However, they differ significantly from one another in features and performance: Statement - Used to execute string-based SQL queries. PreparedStatement - Used to execute parameterized SQL queries. To be able to use Statement and PreparedStatement in our examples, we'll declare the h2 JDBC connector as a dependency in our pom.xml file ...

  6. Java JDBC API

    The Java Database Connectivity (JDBC) API provides universal data access from the Java programming language. Using the JDBC API, you can access virtually any data source, from relational databases to spreadsheets and flat files. JDBC technology also provides a common base on which tools and alternate interfaces can be built.

  7. java

    Now you can get an instance of a class which implements the Statement interface from the Connection instance. Statement stmt = conn.createStatement(); ResultSet rs = stmt.executeQuery("SELECT * FROM [yourtablename]"); .... For more examples just google around a bit (JDBC, java, [nameofyourdb]) For Connector/J there is a nice documentation herer

  8. Statement Interface in JDBC

    The Statement interface provides the method to execute the database queries. After making a connection, Java application can interact with database. The Statement interface contains the ResultSet object. Statement Interface Methods The Statement interface provides the following important methods:

  9. Statement

    The JDBC API supports ISO standard format for the syntax of these literals, using an escape clause that the driver must translate to the DBMS representation. For example, a date is specified in a JDBC SQL statement with the following syntax: {d 'yyyy-mm-dd'} In this syntax, yyyy is the year, mm is the month, and dd is the day.

  10. Who implements Connection, ResultSet and Statement interfaces in this

    9. Interfaces Statement, Connection and the ResultSet are finally implemented by the third party JDBC Driver provider. Suppose if you are using MySQL Driver, this is how the hierarchy of implementation follows, java.sql.Statement interface is finally implemented by com.mysql.jdbc.StatementImpl Class. Internal implementation hierarchy:

  11. JDBC

    The JDBC Statement, CallableStatement, and PreparedStatement interfaces define the methods and properties that enable you to send SQL or PL/SQL commands and receive data from your database. They also define methods that help bridge data type differences between Java and SQL data types used in a database. The following table provides a summary ...

  12. What are the main classes and interfaces of JDBC

    What are the main classes and interfaces of JDBC? Java 8 Programming Object Oriented Programming JDBC API is available in two packages java.sql, core API and javax.sql JDBC optional packages. Following are the important classes and interfaces of JDBC. Daniol Thomas Updated on 30-Jul-2019 22:30:25 0 Views Print Article Previous Page Next Page

  13. What is Statement in JDBC

    The Statement interface represents the static SQL statement, it is used to create and execute general purpose SQL statements using Java programs. Creating a statement You can create an object of this interface using the createStatement () method of the connection interface. Create a statement by invoking this method as shown below.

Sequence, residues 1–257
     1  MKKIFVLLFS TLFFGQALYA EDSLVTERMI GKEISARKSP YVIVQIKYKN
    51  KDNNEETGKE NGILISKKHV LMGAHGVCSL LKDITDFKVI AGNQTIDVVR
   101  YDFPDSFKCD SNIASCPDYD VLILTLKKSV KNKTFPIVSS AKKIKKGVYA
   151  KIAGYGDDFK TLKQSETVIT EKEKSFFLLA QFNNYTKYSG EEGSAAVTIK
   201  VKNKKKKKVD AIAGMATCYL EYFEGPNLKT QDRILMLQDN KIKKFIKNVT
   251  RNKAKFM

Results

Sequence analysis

14. Db2 12

    JDBC interfaces for executing SQL. You execute SQL statements in a traditional SQL program to update data in tables, retrieve data from the tables, or call stored procedures. To perform the same functions in a JDBC program, you invoke methods. Those methods are defined in the following interfaces: The Statement interface supports all SQL ...

  15. What is Java Database Connectivity(JDBC)

    Statement interface PreparedStatement interface CallableStatement interface ResultSet interface ResultSetMetaData interface DatabaseMetaData interface RowSet interface A list of popular classes of JDBC API are given below: DriverManager class Blob class Clob class Types class Why Should We Use JDBC

  16. Statement Interface in Java

    What is Statement Interface in JDBC? Commonly used Methods of Statement Interface JDBC Statement Interface Example What is Statement Interface in JDBC? In JDBC Statement is an Interface. By using the Statement object, we can send our SQL Query to Database. At the time of creating a Statement object, we don't need to provide any Query.

  17. Introduction to JDBC (Java Database Connectivity)

    JDBC is an API (Application programming interface) used in java programming to interact with databases. The classes and interfaces of JDBC allow the application to send requests made by users to the specified database. Purpose of JDBC

  18. Establishing JDBC Connection in Java

    JDBC is an acronym for Java Database Connectivity. It's an advancement for ODBC ( Open Database Connectivity ). JDBC is a standard API specification developed in order to move data from frontend to the backend. This API consists of classes and interfaces written in Java.

  19. Statement Interface in Java

    The important methods of Statement Interface are given below: 1) public boolean execute (String url): This method is used for all type of SQL statement (eg.Select, Insert, Update etc.). This method returns a boolean value.if you don't know which method is used (executeQuery () or executeUpdate ()) then you should go for execute () method.

  20. Java Database Connectivity

    Java Database ConnectivityJDBC) is an application programming interface (API) for the programming language which defines how a client may access a . It is a Java-based data access technology used for Java database connectivity. It is part of the Java Standard Edition platform, from Oracle Corporation.

  21. Java Connection

    The Connection interface is a factory of Statement, PreparedStatement, and DatabaseMetaData, i.e., an object of Connection can be used to get the object of Statement and DatabaseMetaData. The Connection interface provide many methods for transaction management like commit (), rollback (), setAutoCommit (), setTransactionIsolation (), etc.